In their first film since 1999 Cannes Palme d’Or winner “Rosetta,” Belgium’s Dardenne brothers, Jean-Pierre and Luc, explore the stunted life of another unhappy inhabitant of their home city, Liege. “The Son,” a claustrophobic and deadly serious tale about a blue-collar worker whose life has been ruined by tragedy and who unexpectedly finds himself confronting the cause of that tragedy, is a less successful work than its predecessor, however; the new film is both more indulgent and less emotionally involving, and critical response is likely to be wildly uneven, ranging from the very positive to the extremely negative. As a result, box office prospects for this extremely downbeat material are likely to be soft, with Euro territories more responsive.
The brothers’ protagonist this time is Olivier, a solitary, anguished individual who teaches carpentry and woodwork to young men. He lives alone and seems to have no interests or hobbies outside his work.
The early scenes create an unsettling mood. Olivier seems troubled when he glimpses a youth who he refuses, at first, to take into his training group; despite this rejection, Olivier seems unduly interested in the boy and, when his ex-wife Magali (Isabella Soupart) visits him to say that she’s pregnant and intends to marry her lover, he demands to know why she picked this particular day, of all days, to tell him she’s going to become a mother.
Olivier changes his mind and allows the youth, 16-year-old Francis (Morgan Marinne), to take part in his training program. One day he steals the keys from Francis’ pocket and lets himself into the apartment where the boy is staying, even lying on his bed.
The explanation for this mysterious behavior only begins to become clear at the 40-minute point. Five years earlier, we gradually discover, Olivier’s small son had been killed during a robbery; Francis, 11 at the time, was the killer, and he’s been in a juvenile detention center ever since.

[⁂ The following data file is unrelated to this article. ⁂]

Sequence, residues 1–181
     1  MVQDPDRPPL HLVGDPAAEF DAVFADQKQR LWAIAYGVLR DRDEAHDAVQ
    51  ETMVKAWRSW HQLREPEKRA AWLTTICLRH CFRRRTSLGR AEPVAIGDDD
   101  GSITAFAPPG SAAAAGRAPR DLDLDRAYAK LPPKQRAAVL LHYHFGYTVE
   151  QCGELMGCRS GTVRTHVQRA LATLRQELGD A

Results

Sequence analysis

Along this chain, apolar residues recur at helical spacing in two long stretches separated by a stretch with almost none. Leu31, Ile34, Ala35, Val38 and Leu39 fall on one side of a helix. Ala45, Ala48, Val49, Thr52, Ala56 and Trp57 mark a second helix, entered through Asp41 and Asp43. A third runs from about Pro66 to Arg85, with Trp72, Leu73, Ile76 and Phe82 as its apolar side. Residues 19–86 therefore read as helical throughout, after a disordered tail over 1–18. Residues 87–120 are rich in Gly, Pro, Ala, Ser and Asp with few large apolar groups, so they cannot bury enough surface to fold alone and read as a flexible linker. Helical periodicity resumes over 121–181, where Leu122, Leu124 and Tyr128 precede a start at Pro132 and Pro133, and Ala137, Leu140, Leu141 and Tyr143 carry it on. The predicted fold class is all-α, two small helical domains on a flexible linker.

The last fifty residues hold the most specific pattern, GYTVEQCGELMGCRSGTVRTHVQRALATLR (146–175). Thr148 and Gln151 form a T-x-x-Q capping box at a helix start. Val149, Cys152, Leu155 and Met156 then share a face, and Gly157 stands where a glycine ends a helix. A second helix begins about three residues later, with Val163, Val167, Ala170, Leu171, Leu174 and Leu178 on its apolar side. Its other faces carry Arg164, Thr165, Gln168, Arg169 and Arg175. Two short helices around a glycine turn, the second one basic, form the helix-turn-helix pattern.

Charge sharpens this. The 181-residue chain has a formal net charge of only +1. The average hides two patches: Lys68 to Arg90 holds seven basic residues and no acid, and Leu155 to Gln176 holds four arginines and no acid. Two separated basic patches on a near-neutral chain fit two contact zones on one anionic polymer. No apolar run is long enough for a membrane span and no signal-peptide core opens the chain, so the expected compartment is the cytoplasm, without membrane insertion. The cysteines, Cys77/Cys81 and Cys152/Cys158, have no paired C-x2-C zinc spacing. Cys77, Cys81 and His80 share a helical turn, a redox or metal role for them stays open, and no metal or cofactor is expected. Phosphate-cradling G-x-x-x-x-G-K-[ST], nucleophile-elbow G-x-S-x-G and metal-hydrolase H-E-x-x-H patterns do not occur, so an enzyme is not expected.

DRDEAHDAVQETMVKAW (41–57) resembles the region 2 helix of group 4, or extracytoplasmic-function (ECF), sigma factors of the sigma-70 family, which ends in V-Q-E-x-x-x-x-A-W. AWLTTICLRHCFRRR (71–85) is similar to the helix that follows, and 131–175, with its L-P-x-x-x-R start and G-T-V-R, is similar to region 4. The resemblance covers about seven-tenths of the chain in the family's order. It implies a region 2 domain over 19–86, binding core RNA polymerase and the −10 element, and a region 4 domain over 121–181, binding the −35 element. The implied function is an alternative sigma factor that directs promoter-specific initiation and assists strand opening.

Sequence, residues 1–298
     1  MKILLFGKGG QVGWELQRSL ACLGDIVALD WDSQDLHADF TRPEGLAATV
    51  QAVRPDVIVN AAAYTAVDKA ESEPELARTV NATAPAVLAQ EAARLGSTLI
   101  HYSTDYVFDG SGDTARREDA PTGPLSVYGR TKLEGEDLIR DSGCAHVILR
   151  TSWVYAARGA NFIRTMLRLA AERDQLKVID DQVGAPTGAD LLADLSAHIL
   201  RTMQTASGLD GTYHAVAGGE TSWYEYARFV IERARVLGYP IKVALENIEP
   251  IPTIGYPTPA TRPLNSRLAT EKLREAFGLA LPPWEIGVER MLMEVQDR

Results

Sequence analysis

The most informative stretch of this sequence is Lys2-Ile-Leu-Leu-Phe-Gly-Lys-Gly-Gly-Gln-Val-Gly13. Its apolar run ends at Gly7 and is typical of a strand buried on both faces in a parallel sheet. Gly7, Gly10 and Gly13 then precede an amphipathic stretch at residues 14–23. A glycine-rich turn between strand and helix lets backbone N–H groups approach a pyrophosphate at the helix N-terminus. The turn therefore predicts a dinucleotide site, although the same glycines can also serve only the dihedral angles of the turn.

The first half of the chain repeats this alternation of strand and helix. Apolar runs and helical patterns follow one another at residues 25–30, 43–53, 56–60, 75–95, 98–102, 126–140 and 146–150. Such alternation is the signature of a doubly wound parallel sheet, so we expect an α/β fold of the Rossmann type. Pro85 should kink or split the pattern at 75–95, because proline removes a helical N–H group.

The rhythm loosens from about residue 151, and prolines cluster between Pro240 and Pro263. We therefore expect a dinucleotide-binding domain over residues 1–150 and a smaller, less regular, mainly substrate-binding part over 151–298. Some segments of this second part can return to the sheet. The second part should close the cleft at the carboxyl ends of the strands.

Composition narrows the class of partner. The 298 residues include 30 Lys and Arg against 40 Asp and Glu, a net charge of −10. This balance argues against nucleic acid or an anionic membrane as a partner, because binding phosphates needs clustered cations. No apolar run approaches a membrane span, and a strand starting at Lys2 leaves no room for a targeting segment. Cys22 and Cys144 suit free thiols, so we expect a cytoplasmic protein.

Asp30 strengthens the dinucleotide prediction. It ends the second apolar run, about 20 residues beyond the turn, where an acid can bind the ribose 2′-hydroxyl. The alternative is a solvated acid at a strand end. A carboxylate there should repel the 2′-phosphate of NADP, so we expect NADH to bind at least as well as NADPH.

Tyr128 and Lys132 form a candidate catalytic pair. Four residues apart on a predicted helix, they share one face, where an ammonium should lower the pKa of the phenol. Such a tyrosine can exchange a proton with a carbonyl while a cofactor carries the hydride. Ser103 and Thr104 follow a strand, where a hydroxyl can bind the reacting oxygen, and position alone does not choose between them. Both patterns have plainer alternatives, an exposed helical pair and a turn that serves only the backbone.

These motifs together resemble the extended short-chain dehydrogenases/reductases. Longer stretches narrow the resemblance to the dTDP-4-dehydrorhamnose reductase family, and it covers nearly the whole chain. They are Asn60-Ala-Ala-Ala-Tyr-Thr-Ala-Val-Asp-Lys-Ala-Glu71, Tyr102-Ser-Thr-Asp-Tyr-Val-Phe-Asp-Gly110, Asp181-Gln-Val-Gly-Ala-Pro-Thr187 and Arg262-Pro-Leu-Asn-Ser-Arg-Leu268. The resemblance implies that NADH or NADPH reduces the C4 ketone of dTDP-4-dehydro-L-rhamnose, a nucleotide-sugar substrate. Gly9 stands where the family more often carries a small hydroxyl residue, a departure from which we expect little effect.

Subsequent scenes between Olivier and the boy create a certain tension as the viewer wonders about the man’s intentions toward the kid who clearly has ruined his life.
But this isn’t a Hollywood revenge thriller and the climax is pretty banal. More troubling is the fact that the Dardennes fail to elicit any sympathy for their characters. Olivier has no social graces to speak of, and seems to be very slow and tentative about confronting Francis with their shared history, while Francis is an inarticulate, semi-literate kid who, though he seems genuine about learning a trade, isn’t all that remorseful about the crime he committed.
Part of the problem lies in the filmmakers’ decision to shoot in hand-held style and their penchant for keeping extremely close to their characters. D.p. Alain Marcoen scurries after the actors, keeping so uncomfortably close to them that for what seems like half the film the screen is dominated by the back of Olivier Gourmet’s neck. Even fans of this increasingly modish style may quail at this technique and many viewers will be yearning for a more distanced, more controlled visual approach.
As usual in the brothers’ work, Liege provides a grimy backdrop to the drama. No music is used to leaven the sounds — often panting — made by the characters.
While Gourmet is well cast as the bereaved and bitter father, the actor is allowed no possibility of bringing nuance, humor or true insight into the character. He’s simply a presence, and the same goes for Morgan Marinne’s surly Francis. Isabella Soupart registers quite strongly, but only has a couple of scenes.
Pic’s abrupt conclusion is likely to leave many viewers frustrated; just as the story seems to be starting, it ends with nothing solved.